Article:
Emo(tion)jis as Sparks for Action: Reflections on the Deep Canvass

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Eli Edleson-Stein is a youthworker, activist, and filmmaker based in Minneapolis. He volunteers with JCA because centering justice work in his spiritual community and tradition is important. 

I am a younger sibling, the baby of my family. I have grown up a lot since I was an actual baby (I think my family would attest to this,) but at times I still act like a baby (my family would attest to this, too.)  

As I’ve grown, I have noticed a persistent baby-ism of mine: I roll my eyes when someone says something stupid, becoming the embodiment of a row of eleven eye roll emojis. In my reflections on this pattern I’ve come to recognize that my eye roll is not a simple physical response, but more a pervasive mindset: when someone says something stupid -disagreeable, wrong, or ignorant- I roll my eyes and dismiss, discredit, and disengage completely. I don’t have time or energy for this. I can’t even!

Obviously there are other emojis that come after or before the eye roll: the angry one, the fearful one, the tears emoji, the baffled one.

But those emo(tion)jis are sparks for action. The eye-roll is a damper to inaction.

It’s a problem. It is a divisive reaction that lends itself to self-righteousness, not righteous action.

Deep Canvassing with JCA has pushed me beyond the eye-roll towards righteous action. It has pushed me into that very Jewish holy-covenant-space between people.

Before my first Canvass I remember being a mix of skeptical, nervous, and interested. I thought what good is this going to do? I assumed that as I knocked on doors I would encounter either too-comfortable neo-liberal white folks or conservative trump-supporting white folks, and either way our conversations would lead nowhere.

Behind the first door was a conversation with a 65 year old Japanese-American woman who has worked in health care for her entire life. We agreed on most points; she said she was interested in what her neighbors would have to say, and wore a concerned and curious look. She was encouraging, and told me that her neighborhood “really needed this work badly.”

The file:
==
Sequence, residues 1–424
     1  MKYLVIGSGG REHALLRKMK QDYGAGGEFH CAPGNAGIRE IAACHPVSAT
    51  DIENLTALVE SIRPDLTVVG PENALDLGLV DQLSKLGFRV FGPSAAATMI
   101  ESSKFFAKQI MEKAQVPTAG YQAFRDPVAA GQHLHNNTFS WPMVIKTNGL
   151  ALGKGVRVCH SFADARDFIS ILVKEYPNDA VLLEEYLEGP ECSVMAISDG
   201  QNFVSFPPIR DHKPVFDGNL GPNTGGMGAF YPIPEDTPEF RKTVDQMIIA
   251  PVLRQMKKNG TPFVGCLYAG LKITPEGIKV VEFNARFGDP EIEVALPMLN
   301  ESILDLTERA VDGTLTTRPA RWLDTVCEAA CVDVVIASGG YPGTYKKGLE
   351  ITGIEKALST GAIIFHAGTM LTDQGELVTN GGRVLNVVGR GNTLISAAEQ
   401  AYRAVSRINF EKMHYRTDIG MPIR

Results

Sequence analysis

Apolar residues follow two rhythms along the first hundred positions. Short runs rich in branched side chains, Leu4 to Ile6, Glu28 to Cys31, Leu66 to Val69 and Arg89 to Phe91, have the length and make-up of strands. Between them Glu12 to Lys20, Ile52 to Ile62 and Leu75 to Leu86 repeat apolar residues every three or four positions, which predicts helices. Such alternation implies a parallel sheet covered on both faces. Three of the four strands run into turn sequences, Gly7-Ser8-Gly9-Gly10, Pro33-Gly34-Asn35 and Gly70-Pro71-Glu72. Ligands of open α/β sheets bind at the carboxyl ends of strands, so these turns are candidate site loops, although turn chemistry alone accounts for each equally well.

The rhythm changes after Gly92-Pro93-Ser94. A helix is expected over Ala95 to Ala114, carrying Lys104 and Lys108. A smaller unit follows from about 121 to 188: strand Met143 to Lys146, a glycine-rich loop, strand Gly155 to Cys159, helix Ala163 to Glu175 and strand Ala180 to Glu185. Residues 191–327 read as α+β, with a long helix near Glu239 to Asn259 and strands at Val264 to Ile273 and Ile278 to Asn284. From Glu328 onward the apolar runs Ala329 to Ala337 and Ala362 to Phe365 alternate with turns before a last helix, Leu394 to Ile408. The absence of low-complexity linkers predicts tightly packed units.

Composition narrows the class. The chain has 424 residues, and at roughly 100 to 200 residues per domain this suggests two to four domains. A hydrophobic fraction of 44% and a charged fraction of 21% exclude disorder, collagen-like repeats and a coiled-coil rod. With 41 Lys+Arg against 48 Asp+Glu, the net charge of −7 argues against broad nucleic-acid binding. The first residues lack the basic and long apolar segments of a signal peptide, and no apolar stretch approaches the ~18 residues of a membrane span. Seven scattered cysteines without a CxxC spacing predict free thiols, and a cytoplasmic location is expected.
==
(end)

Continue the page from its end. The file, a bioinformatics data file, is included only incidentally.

The next conversations were more challenging. I spoke with a white family who couldn’t understand “why those people lived the way they did” and a middle-aged white woman who said, “I know there are some good ones, but the bad ones just ruin it for the rest of them…” Often on the doors, I have encountered people using coded language to reinforce cultural stereotypes.  

These are people, that in other circumstances, I would have rolled both my eyes and myself directly out of conversation. But part of growing up (not being a baby), is doing things that feel hard, often things that are in direct opposition to our knee-jerk, baby-sibling responses. Deep Canvassing is about growth (a.k.a. change!)

So I stayed at their doors. I shared stories about people that I love, my concerns about how individual biases feed systemic oppressions affecting me and people I care about, and my own missteps and misconceptions. I invited them to share their stories, to get out of the cloud of opinion or politics and into the real experiences of their lives. And then there were these little moments in which I felt that holy space between people open up: a tiny, heart-emoji-shaped blip on the radar.

Every time I door knock and talk to people about their experiences, I grow out of my eye-rolling baby-ism a little bit. And every time I do that on a porch, or a stoop, or under an awning, I bring someone along with me. We grow a little taller together.

The guards of theory and prejudice are lowered, and for a moment the person on the other side of the threshold hears a perspective that they couldn’t have considered without me. They reciprocate what I am doing, listening non-judgmentally and inviting real connection (very Jewish, I think.) It’s a new emoji: instead of hearts for eyes, it’s hearts for ears! And suddenly our unlikely connection is a mirror for them to examine their assumptions.

In that moment, the same white family who “couldn’t understand” at the beginning of our conversation, shared a look of recognition. In that moment, they recognized, in a small bit, the humanity and struggle of another person in our world, and their humanity in their own harmful assumptions. Standing in their doorway, the father said, “huh, I guess I’ve never thought of it that way. I’m gonna think about that one.” And together we grew.

Jews are a people of the covenant. Our existence is one in relation to G-d, in covenant; G-d, too, exists in relationship. It’s like Jewish Philosopher Martin Buber thought: G-d lives in the interstitial space between me and you. So if G-d lives between people, in negotiation, in earnest connection, it becomes our Jewish responsibility to keep G-d alive by engaging with people.  

When we choose to roll our eyes, we choose to close the space between people, we delete a covenant, and G-d begins to disappear. Deep Canvassing is about fulfilling our covenant to love our unconsciously racist neighbor, to activate G-d in our connections, and to repair, to tikkun, the tiny cracks of our world.


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